Report: Smoking Costs in California Average $1.5M Per User
Residents of California and other states could save millions of dollars in tobacco-related personal costs, such as health care and insurance premiums, if they quit smoking, according to a study by WalletHub, CBS' "MoneyWatch" reports.
Details of Study
For the study, researchers calculated the potential cost of smoking by projecting expenses for individual smokers if they bought one pack of cigarettes daily from ages 18 to 69, the average age of death for smokers. Estimated costs were based on the per-pack price in each state.
The researchers then calculated the amount of return smokers would have earned if they instead invested their tobacco money in the S&P 500.
Overall, the study found that smokers spend an average of $1.4 million in lifetime personal costs.
The largest portion of costs were related to buying tobacco, while the rest included costs associated with medical care, lower wages and cigarette taxes (Picchi, "MoneyWatch," CBS, 1/20).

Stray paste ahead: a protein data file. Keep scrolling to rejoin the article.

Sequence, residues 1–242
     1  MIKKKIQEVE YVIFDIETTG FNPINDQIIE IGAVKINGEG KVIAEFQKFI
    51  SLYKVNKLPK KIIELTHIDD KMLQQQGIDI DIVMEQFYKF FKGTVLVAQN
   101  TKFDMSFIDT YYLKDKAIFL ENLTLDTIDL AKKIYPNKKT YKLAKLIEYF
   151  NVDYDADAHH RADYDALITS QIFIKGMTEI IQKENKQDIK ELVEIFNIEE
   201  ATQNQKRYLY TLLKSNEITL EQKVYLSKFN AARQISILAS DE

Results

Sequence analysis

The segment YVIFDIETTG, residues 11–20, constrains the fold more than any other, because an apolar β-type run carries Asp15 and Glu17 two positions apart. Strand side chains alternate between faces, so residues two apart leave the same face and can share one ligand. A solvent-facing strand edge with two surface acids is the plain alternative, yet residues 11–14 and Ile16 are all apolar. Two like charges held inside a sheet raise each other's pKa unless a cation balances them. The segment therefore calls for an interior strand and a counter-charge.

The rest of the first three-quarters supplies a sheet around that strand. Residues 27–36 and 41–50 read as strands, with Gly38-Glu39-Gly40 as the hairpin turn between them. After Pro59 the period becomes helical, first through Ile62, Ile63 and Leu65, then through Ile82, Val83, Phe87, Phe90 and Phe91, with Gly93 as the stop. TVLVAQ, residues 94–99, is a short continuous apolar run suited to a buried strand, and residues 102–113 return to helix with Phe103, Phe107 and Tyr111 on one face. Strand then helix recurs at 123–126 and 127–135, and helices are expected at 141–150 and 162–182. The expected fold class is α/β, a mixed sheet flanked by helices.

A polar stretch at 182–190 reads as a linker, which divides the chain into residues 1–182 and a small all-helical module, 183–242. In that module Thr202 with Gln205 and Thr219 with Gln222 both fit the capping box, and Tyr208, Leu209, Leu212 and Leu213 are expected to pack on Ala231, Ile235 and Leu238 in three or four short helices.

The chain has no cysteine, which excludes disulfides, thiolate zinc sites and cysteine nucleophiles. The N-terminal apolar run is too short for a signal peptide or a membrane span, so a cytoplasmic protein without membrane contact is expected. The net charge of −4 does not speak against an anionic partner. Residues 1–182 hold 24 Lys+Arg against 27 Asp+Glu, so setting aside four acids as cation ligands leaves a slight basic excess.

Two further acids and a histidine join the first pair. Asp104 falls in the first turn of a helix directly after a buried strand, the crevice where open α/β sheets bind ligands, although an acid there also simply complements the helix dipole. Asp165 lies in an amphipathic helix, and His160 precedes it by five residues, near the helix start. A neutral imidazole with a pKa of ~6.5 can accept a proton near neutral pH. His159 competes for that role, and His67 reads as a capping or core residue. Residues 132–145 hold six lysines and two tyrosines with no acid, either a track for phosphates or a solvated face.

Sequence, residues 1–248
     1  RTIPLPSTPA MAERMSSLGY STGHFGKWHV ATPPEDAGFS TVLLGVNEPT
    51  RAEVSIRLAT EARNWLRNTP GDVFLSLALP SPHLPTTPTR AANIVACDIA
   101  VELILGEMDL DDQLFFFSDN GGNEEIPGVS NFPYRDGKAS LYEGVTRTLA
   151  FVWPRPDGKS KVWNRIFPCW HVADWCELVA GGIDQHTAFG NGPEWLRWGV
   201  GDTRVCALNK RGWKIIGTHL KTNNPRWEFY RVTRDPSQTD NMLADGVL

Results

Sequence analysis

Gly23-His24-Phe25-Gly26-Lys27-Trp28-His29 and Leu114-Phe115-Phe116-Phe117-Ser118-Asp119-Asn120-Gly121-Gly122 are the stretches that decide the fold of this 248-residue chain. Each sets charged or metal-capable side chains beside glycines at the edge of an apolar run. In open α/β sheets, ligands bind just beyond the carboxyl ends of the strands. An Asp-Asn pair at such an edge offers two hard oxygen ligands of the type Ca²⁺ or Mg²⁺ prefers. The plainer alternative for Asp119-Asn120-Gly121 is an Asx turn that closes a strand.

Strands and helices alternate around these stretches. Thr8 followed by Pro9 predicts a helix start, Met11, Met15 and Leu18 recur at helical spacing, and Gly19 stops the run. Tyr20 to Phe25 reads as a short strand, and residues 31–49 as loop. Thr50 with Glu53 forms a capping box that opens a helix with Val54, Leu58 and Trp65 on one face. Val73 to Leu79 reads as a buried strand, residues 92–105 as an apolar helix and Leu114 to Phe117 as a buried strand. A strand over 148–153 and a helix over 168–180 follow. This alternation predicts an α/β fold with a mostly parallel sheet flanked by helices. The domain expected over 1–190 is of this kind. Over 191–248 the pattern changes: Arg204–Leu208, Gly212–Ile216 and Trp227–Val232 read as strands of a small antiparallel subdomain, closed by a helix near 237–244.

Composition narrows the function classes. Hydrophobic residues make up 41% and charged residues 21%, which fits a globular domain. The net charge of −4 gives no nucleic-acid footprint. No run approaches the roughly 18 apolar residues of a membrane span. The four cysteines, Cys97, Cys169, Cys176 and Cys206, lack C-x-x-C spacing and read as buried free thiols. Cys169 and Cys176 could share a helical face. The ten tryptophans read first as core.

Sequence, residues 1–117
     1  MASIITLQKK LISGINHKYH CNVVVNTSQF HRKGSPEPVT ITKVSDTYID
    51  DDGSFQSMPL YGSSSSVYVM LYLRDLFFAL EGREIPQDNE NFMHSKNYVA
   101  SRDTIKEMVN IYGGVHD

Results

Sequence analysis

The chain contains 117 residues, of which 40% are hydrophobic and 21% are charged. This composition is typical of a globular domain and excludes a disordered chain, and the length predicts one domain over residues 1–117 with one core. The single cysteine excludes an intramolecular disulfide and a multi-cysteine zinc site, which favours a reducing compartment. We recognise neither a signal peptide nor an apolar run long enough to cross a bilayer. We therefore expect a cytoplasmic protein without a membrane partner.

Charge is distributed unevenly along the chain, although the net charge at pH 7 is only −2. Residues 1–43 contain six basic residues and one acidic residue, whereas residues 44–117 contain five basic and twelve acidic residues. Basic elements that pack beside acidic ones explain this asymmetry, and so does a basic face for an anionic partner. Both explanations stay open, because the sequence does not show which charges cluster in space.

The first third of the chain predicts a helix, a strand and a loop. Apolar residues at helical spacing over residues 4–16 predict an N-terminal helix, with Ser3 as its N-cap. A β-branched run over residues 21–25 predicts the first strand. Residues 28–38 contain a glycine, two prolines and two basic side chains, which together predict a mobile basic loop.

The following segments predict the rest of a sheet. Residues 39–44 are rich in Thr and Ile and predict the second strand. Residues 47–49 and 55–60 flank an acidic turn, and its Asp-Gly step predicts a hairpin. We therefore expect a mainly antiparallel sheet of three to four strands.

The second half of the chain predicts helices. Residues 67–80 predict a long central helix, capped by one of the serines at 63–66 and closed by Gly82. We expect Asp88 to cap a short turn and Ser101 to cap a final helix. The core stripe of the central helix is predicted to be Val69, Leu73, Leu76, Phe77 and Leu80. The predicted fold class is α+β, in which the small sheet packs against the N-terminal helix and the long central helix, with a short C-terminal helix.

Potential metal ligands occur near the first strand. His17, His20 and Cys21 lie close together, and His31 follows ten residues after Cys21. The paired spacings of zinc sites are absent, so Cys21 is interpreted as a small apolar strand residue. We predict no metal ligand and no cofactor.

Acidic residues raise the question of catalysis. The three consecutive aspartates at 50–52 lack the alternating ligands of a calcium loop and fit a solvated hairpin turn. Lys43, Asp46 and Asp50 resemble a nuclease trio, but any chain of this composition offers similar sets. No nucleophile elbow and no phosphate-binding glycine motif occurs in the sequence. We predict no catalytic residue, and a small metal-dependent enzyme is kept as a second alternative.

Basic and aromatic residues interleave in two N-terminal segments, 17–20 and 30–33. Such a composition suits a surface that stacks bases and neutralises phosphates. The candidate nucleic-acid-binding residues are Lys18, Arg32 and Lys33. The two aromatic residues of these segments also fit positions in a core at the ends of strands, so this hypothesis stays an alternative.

California ranked 35th nationwide, with $1.5 million in total costs per smoker, including:
- About $1.06 million in tobacco costs;
- $188,368 in medical care;
- $243,352 in income loss; and
- $14,336 in other costs.
In comparison, Alaska had the highest lifetime costs at $2.03 million per smoker, while South Carolina had the lowest costs at $1.09 million (Bernardo, WalletHub, January 2015).
ALA Urges Stronger Tobacco Control Policies in Calif.
In related news, a new American Lung Association report found that while California has made strides in tobacco control policies, the state needs to do more moving forward.
According to the report, California in 2014 earned a:
- "B" grade for its smoke-free air policies;
- "D" grade for inadequate coverage of smoking cessation and treatment services; and
- "F" grade for insufficient tobacco prevention and control program funding.
Meanwhile, an accompanying report card released by the ALA in California graded the state's 482 cities and 58 counties on tobacco control policies, such as:
- Reducing tobacco sales; and
- Smoke-free outdoor air and housing.
The local report card found that while 40 California municipalities in 2014 adopted new tobacco control policies, 324 cities and counties received an "F" for their efforts (American Lung Association release, 1/21).This is part of the California Healthline Daily Edition, a summary of health policy coverage from major news organizations. Sign up for an email subscription.